UPDATE: We’ve had feedback to our (numerous) questions from InDriver and have put them beneath the original story.
We’ve been seeing ads for ride-hailing app InDriver in our social media apps for a few weeks now, but when we tried to use it, we were told there were no drivers in our neighbourhood. They were all in Cape Town, the city that InDriver used to enter South Africa. That should change now, because today InDriver announced it’s officially launched in Johannesburg. The US-based company says more than 3,000 drivers have already registered on the app.
Unlike market leaders Uber and Bolt (formerly Taxify), InDriver lets passengers and drivers haggle over fares, and for the time being, it’s cash only. Also, at launch drivers will pay 0% commission. In a statement to the media, InDriver says the 0% offer will continue for the “first few months” after a driver joins the service. We’ve reached out for more detail on how long that offer will last, what percentage of each fare InDriver will eventually take, how it’ll manage to get its share given it’s cash only, and when users can expect to be able to pay by card.
“We want to give the power of setting prices back into the hands of passengers and drivers by countering price surging used by other ride-hailing companies,” says inDriver spokesperson Rifqa Carr, who adds that the service can cost passengers 20-30% less than rival services.
Meet in the middle
For those with an aversion to haggling, or who are worried about offering drivers a reasonable fare, InDriver does offer suggested rates, but there’s no obligation to use them. Of course, low-ball offers are likely to be rejected by drivers, so don’t expect to get a ride to the airport for R10.
In terms of safety and security, passengers and drivers can both share their real-time GPS coordinates with contacts if they wish to, and the InDriver app includes a button for contacting emergency services. It’s unclear which emergency service the button routes to, though, so we’ve asked for clarity on that point.
We’ve also asked InDriver to provide information on how it checks the roadworthiness of vehicles, and how it ensures someone with lots of luggage, for example, is matched with a driver with a sufficiently large vehicle. We’ll update this story once we’ve got received answers to our questions.
In the meantime, if you’re keen to try a new service, or just want one available for the times surge pricing gets out of hand, you can download InDriver for iPhone from the App Store, or for Android devices from Google Play.
Your questions (and ours) answered
We sent InDriver a list of questions this morning. Here are the answers, courtesy of InDriver spokesperson, Rifqa Carr:
How many months with drivers pay 0% commission when using InDriver? And what share of the fare does InDriver take thereafter?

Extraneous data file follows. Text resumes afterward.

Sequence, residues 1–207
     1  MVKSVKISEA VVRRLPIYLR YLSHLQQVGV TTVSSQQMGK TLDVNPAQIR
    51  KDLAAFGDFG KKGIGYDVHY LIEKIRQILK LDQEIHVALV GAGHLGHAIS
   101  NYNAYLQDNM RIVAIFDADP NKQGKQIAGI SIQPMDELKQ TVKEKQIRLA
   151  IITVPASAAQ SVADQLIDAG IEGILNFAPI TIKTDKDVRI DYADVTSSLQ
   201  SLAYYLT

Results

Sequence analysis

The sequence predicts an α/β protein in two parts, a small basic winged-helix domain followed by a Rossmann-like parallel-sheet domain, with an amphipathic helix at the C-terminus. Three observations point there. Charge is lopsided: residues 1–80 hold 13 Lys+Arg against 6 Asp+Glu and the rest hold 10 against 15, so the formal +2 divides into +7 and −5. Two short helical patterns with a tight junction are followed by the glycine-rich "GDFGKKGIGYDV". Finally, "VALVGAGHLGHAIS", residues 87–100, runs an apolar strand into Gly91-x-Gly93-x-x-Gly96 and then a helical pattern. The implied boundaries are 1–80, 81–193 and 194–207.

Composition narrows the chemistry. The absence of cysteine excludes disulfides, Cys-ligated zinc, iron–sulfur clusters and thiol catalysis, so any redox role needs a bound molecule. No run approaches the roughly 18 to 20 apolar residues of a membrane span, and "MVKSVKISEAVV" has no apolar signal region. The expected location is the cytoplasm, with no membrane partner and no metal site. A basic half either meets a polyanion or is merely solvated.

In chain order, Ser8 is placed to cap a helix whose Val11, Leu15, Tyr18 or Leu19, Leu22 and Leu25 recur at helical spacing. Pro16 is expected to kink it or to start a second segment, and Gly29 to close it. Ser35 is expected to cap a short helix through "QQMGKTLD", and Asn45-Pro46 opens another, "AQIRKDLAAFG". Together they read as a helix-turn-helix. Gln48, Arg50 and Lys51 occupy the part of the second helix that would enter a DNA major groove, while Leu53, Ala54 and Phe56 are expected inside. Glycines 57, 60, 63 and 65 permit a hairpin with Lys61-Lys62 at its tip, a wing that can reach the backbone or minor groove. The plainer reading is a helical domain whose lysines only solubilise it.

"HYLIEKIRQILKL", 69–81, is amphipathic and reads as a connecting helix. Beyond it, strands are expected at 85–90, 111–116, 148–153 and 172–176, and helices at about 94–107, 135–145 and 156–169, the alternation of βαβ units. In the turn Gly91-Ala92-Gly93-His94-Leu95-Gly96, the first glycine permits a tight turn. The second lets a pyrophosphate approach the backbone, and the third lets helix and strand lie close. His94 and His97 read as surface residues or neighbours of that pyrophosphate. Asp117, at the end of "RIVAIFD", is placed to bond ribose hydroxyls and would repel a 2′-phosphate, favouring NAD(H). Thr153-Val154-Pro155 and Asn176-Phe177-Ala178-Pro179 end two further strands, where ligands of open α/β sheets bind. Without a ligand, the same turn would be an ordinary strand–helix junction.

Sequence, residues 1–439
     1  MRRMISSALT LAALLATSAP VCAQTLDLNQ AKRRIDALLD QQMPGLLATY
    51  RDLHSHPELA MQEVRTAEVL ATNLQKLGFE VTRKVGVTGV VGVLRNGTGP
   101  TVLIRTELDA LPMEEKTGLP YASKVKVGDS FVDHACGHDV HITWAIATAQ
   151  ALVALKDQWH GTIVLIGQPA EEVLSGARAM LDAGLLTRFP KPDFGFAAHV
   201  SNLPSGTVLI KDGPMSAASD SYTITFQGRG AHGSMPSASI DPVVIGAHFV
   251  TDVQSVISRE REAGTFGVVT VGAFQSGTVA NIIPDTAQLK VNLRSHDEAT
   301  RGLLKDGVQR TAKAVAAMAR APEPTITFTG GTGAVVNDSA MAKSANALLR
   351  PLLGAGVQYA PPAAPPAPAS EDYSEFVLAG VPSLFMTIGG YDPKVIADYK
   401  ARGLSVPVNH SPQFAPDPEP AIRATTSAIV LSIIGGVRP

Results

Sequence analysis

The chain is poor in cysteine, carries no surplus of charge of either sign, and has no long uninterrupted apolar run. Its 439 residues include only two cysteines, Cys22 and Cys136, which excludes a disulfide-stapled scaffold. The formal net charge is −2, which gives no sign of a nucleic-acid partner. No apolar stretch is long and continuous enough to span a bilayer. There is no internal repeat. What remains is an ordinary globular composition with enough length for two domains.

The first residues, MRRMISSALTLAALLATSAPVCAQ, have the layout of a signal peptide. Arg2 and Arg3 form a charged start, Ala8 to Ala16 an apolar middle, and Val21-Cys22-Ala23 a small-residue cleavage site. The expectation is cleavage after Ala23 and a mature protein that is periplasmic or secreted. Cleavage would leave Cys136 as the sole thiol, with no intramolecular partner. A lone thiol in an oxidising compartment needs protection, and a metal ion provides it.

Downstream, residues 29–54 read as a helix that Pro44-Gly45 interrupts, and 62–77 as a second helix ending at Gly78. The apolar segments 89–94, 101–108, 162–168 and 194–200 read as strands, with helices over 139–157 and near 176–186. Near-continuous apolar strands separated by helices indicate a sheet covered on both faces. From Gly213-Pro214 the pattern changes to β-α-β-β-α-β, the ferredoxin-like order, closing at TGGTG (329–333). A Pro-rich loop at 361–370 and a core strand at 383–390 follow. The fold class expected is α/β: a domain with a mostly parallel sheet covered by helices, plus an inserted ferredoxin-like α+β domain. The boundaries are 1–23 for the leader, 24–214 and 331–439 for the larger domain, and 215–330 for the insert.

We won’t charge drivers a commission fee for the first few months, the timeframe on this is indefinite. After this, we will charge a low commission fee, averaging between 5% to 8%. In comparison to other ride hailing apps, which charge between 20-25%, this is
Are drivers required to carry a float to manage change, and if so, how much?
The bargaining element of the app allows drivers to work around the amount of cash they have on them at the time. They can negotiate the price up or down depending on how much cash they have on them.
Will inDriver add support for card payments later?
Paying with cash allows us to keep prices for rides even lower. We are looking into adding a card payment option in the future, however, when you pay with a card additional charges, such as bank processing fees, need to be factored in.
Are there plans to launch inDriver in other SA cities?
We will definitely let you know when we will expand to other cities in South Africa.
How does inDriver ensure driver’s cars are roadworthy?
All cars should be in good condition and the car cannot be older than a 2010 model. Drivers need to provide a vehicle registration certification and they are required to send through images of the car, which we check to ensure it is in good condition. Once
approved, they are allowed to use the app.
What happens if someone with a lot of luggage, for example, orders an inDriver car and it turns out to be too small to accommodate their needs?
Alongside being able to bargain for their ride, riders can stipulate on the app that they have additional luggage, drivers can then decide if they have capacity or not, to take on the ride before agreeing on the price. For example, if riders need a baby seat, they can stipulate this. Riders can also select their driver based on the model of the car.
If the service is cash only, how does inDriver get its share?
Once the no commission fee is waived, drivers will need to pay in credits to access the app.
How does the safety button work?
The safety button can be accessed from the app’s menu. It allows both riders and drivers to call police contacts from the app during the ride. Another feature of the safety button is possibility to share real-time GPS locations with trusted contacts from the app’s home page.